Karli DeMarco
Lockport Township High Sch EastLockport, IL
One of my biggest goals at the moment is to become an elementary teacher within the next few years. I will be attending Lewis University in the fall of this year to pursue my major in Elementary Education. I have wanted to be a teacher since I was a little girl. I used to bring old/used textbooks home from school and "force" my little brother to play school with me. Of course, he was annoyed at my constant nagging when it came to wanting to teach him, but I ignored that. There was something special I felt when I saw him learning things that I was teaching him. He would pick up on material three years ahead of his grade and I felt accomplished. I thought, "I did that". Again, there was something special about that feeling. I would go on to volunteer for early childhood kids at my church and later move up to elementary. My heart fell in love with that age group. To this day, I still volunteer with these kids and continue to impact their lives just as much as they have impacted mine. In 2020 I was diagnosed with ASD. Although most people don't know I have ASD, it is still one of the hardest challenges I have ever dealt with. Over the past few years, I have learned more about myself and others; my eyes have opened up to a whole new world. I am able to understand more of how my brain works and how I am uniquely different than most other people. And I am okay with that. I know that I am special, but I also know I have to work hard to be the best person I can be and impact others in a positive way. Fortunately, I have found new ways to redirect and teach my students at church since my diagnosis. Understanding my own brain functions has helped me to recognize how other kids' brains work too. I find myself at a true advantage when it comes to connecting to my students and being a helping hand. Going to Lewis University to pursue elementary education is truly the next step in my journey to becoming the teacher I want to be. I will be able to have fun and learn so much about what it takes to become an educator. I will also continue to learn more about myself and how I will uniquely teach.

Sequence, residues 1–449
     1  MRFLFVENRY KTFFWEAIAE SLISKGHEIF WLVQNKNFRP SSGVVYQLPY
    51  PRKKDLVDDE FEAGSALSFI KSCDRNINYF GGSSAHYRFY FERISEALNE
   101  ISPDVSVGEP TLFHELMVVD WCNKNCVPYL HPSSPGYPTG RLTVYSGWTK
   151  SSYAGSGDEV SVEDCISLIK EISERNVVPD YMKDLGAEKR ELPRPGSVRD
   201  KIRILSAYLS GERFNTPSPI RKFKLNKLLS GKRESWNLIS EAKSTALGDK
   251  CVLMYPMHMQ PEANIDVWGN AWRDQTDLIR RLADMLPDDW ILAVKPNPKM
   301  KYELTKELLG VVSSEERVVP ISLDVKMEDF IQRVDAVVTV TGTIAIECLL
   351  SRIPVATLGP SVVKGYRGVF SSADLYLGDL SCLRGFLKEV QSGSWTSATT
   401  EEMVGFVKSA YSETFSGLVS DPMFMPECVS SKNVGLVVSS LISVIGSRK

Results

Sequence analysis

FAQ

When is the scholarship application deadline?

The application deadline is May 5, 2022. Winners will be announced on Jun 4, 2022.